The exploration of politics in science fiction is arguably older than the identification of the genre. One of the earliest works of modern science fiction, H. G. WellsThe Time Machine, is an extrapolation of the class structure of the United Kingdom of his time, an extreme form of social Darwinism; during tens of thousands of years, human beings have evolved into two different species based on their social class.

Speculative societies

Most story and novel-length works of science fiction include speculation (directly or indirectly) on modes of life and behaviour. They are sometimes allegorical and often serious attempts to model possible future societies, political institutions and systems. Examples include Harry Harrison's novel Make Room! Make Room!, The Dispossessed by Ursula K. Le Guin; and the Hostile Takeover Trilogy by S. Andrew Swann. Imagined societies may be based on very different assumptions. Often the future is modeled on historic forms - feudalism, or in the case of The Foundation series, the Roman Empire. A common theme is the integration of humanity into some greater interstellar society. A popular modern example is the Uplift series by David Brin where a species' status is defined based on the concept of biologically uplifting other species.

Utopian societies

Main article: Utopia

The term utopia was invented by Thomas More as the title of his Latin book De Optimo Reipublicae Statu deque Nova Insula Utopia (circa 1516), known more commonly as Utopia.[1] He created the word "utopia" to suggest two Greek neologisms simultaneously: outopia (no place) and eutopia (good place). More depicts a rationally organised society, through the narration of an explorer who discovers it—Raphael Hythlodaeus. Utopia is a republic where all property is held in common. In addition, it has few laws, no lawyers and rarely sends its citizens to war, but hires mercenaries from among its war-prone neighbours.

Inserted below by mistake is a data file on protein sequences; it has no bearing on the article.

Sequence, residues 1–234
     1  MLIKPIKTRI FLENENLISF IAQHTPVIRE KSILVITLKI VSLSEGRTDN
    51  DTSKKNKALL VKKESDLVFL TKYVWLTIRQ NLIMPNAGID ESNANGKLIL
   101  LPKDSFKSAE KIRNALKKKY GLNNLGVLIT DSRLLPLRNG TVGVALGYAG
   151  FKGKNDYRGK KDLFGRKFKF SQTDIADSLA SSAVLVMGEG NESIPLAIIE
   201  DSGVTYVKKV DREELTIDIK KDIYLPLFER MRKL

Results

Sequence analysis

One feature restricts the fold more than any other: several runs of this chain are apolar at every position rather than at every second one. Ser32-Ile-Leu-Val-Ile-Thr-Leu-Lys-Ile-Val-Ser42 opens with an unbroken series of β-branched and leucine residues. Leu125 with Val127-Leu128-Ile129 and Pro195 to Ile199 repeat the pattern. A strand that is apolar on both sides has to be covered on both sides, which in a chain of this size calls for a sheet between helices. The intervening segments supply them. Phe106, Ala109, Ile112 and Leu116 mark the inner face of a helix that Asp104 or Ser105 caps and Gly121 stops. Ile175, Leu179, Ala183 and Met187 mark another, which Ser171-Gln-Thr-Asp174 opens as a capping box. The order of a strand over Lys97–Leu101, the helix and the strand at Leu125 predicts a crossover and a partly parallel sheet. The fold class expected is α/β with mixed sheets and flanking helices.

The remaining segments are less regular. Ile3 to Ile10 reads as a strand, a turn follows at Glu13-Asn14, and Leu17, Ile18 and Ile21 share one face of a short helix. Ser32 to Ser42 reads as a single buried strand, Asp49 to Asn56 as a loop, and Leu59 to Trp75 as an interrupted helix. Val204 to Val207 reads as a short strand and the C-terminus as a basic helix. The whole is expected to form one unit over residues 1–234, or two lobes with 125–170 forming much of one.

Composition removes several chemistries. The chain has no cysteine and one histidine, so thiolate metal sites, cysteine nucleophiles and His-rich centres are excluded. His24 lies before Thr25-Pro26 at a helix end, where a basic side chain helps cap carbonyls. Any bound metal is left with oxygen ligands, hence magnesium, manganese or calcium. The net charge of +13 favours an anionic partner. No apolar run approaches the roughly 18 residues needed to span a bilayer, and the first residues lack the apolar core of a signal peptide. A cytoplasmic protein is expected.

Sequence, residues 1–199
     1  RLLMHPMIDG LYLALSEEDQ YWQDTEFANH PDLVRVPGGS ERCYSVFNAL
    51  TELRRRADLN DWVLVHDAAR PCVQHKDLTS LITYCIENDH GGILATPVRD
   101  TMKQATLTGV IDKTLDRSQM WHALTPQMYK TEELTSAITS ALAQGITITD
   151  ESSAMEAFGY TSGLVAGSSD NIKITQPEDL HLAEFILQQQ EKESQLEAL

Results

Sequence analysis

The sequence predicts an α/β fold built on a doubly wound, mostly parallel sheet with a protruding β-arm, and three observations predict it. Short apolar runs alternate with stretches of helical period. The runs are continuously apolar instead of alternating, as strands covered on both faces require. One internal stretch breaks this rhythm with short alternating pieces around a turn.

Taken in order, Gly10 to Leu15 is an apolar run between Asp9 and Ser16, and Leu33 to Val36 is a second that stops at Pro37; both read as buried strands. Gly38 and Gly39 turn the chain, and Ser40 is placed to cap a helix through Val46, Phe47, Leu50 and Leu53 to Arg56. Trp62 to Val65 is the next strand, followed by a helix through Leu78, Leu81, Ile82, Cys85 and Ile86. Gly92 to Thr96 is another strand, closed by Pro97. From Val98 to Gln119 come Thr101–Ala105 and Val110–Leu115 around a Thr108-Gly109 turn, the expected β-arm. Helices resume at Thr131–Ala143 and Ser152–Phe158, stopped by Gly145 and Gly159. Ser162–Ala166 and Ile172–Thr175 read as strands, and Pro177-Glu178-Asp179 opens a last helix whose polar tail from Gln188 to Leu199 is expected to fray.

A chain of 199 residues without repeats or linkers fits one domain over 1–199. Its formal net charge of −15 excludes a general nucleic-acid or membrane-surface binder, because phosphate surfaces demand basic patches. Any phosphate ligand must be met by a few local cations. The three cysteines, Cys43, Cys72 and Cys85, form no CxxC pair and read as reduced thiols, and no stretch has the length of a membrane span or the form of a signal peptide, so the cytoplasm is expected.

Generally speaking, utopias are generally societies whose author believes either perfect, or as perfect as can be attainable. Ernest Callenbach's Ecotopia is a contemporary example.[2] This can cause some confusion, in that some works generally recognized as “utopian”, such as Plato's Republic, can come across as much less than ideal to a modern reader. They are one of the smaller subsets of political science fiction, possibly because it is difficult to create dramatic tension in a world the author believes is perfect. Various authors get around this problem by postulating problems in the utopian society, such L. Neil Smith does. Other ways of presenting a utopian society in science fiction, is to send characters outside it to explore beyond its confines (ala Star Trek), or focus on an outsider character entering the society, as in Aldous Huxley’s Brave New World. This last method is often used to show that the utopian society shown is actually a dystopia. Kim Stanley Robinson's approach in The Mars Trilogy involved exploring the creation of utopian and ecotopian societies on Mars.